Michael Ferguson's latest report says Aboriginal Affairs and Northern Development Canada doesn't know if local retailers are passing on Nutrition North program subsidies to consumers as required.
"It's just simply a case of the information's not there, the department isn't tracking the information, so it's not possible to know whether the full amount of the subsidy is in fact being passed on," Ferguson said at a news conference following the report's release.
The auditors also had problems with the fact that the department doesn't collect reliable data on the profit margins of retailers in order to determine whether consumers are benefiting from the full subsidy.
The report calls that a "missed opportunity" to ensure the program is transparent and to ease some long-standing public skepticism about the program's effectiveness and efficiency.
The northern food-subsidy program, which has an annual budget of $60 million, replaced the old food mail program in 2011. Nutrition North bases its subsidy rates on the remoteness of the communities it serves.
Some places, such as the isolated Nunavut community of Grise Ford, qualify for the full $16-a-kilogram subsidy. Other, less remote communities get subsidies as low as five cents a kilogram.
But Ferguson's team found problems with the way Aboriginal Affairs and Northern Development determined how much each community is subsidized.
The auditors zeroed in on two remote communities in northern Ontario, both about the same distance to the nearest town and lacking year-round road access. One is eligible for a subsidy of $1.60 a kilogram; the other only five cents a kilogram.
"Aboriginal Affairs and Northern Development Canada has not managed the program to meet its objective of making healthy food more accessible to residents of isolated northern communities as it has not identified eligible communities on the basis of need," the report said.
The department told Ferguson's team it has looked at expanding the full subsidy to around 50 fly-in northern communities, but doing so would increase the cost of the program by $7 million a year.
The department is already struggling to pay for the program. Aboriginal Affairs expected a shortfall of $8.2 million for Nutrition North in the 2013-14 fiscal year. Officials told auditors that money meant for other programs or services within the department was used to pay for Nutrition North — which the report calls "the least preferred option in the cost-containment strategy."
Moving money meant for one program to pay for another is nothing new for Aboriginal Affairs. The department shifted half a billion dollars meant for infrastructure over a six-year period to try to cover shortfalls in education and social programs.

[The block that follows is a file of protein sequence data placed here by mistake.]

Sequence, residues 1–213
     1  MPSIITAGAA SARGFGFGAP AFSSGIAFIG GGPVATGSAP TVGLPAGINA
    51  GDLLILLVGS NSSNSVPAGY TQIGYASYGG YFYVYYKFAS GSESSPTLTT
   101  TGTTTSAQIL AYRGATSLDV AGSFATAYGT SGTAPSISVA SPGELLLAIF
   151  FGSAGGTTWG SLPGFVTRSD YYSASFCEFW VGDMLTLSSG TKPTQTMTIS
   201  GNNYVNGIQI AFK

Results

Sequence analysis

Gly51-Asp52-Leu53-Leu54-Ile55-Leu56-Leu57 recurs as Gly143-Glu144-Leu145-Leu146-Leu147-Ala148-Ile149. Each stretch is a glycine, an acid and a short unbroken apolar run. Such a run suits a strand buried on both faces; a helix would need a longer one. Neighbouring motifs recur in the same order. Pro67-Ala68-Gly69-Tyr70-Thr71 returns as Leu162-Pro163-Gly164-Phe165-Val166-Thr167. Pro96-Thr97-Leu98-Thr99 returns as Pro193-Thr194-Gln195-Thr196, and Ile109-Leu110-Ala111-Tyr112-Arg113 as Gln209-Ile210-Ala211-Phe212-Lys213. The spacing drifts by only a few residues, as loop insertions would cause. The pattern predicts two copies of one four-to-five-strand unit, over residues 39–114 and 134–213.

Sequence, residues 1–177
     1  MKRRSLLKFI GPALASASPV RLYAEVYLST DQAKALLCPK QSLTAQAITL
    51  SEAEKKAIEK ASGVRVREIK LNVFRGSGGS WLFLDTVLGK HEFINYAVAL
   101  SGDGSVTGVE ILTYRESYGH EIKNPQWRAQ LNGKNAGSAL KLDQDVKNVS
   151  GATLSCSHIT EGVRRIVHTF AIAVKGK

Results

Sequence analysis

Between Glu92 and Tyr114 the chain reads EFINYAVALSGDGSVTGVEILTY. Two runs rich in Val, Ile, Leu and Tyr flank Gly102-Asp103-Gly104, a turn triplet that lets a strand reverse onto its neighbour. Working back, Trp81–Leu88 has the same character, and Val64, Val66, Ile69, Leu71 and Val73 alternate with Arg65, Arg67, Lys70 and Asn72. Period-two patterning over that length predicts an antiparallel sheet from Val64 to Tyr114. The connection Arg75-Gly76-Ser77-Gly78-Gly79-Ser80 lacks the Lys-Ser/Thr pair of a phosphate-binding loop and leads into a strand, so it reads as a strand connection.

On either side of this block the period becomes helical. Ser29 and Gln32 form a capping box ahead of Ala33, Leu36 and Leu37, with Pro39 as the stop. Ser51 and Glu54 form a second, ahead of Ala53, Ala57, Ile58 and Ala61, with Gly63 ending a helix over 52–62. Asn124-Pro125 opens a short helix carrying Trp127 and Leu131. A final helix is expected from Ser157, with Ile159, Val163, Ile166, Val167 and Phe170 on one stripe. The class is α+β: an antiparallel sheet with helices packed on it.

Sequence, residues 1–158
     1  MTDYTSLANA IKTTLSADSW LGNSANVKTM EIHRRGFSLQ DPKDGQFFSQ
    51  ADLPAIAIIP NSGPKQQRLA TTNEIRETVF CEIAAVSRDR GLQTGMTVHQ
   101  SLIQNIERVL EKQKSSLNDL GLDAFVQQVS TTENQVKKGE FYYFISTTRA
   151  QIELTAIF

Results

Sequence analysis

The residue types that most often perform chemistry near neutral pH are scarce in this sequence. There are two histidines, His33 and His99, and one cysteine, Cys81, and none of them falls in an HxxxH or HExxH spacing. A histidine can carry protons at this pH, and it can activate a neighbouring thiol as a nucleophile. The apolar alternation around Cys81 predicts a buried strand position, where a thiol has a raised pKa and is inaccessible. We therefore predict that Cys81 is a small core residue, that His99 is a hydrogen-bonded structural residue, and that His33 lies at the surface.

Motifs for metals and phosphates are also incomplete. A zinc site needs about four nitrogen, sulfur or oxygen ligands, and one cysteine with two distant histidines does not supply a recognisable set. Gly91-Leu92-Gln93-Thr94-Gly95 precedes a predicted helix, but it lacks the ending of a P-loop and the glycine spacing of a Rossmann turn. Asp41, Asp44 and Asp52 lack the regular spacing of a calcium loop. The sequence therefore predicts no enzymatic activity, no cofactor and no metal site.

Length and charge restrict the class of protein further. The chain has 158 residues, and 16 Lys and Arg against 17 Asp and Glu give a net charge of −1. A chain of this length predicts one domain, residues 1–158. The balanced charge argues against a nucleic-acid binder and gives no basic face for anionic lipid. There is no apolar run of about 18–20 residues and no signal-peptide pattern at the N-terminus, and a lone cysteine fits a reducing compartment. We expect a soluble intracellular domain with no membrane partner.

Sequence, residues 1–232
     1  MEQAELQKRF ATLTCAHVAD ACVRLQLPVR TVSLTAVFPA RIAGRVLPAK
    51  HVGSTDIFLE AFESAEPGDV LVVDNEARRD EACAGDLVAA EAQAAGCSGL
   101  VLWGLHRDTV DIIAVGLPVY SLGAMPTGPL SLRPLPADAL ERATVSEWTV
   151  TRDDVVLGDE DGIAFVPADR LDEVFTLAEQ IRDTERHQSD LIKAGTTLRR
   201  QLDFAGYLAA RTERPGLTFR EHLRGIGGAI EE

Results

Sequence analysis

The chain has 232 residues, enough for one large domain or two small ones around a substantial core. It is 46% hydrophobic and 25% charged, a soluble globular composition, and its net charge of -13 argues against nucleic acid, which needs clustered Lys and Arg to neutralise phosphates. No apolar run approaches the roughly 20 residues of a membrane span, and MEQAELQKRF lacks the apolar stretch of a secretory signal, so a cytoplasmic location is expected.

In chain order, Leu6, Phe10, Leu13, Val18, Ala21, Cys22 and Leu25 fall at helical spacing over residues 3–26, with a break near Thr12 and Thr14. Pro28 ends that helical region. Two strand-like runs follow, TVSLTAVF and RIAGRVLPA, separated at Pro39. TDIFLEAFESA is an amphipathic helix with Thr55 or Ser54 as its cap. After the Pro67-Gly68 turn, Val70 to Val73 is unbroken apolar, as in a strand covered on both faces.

Aboriginal Affairs Minister Bernard Valcourt sought to put a positive spin on the auditor's findings.
"Let's be fair to the auditor general. What he says is that we cannot give the assurance that all of the subsidy actually goes to consumers. That's what he says," Valcourt said.
"Because we have data that has been collected by a third party, which shows clearly that the basket of food has gone down by $110 a month for a family of four and that perishable goods have increased by close to 25 per cent.
"What we are unable to say, however, clearly and without doubt, is that all of the subsidy has gone to the consumers."
Retailers and shippers will have to report their past and present profit margins by next April, the minister added.
The government's handling of the Nutrition North program drew criticism from the opposition.
"It's damning," Liberal MP Carolyn Bennett said in an interview. "It completely confirms what the people of the North have been telling us."
Added NDP MP Dennis Bevington: "The program is not lowering costs for northerners and it is not targeting all the communities in need."
The Conservative government has defended the program, saying it has given more people in isolated and remote communities access to healthy and perishable foods.
But the auditors found some decidedly unhealthy foods are being subsidized. Ice cream, bacon and processed cheese spread qualify for the lower of the program's two subsidy levels.
Other foods that used to be subsidized under the food mail program, such as canned goods and rice, have been dropped.
The Conservative government, which is made aware of the contents of auditor's reports in advance and given the opportunity to respond before they are released publicly, announced last week it would spend another $11.3 million on the program over the next year.
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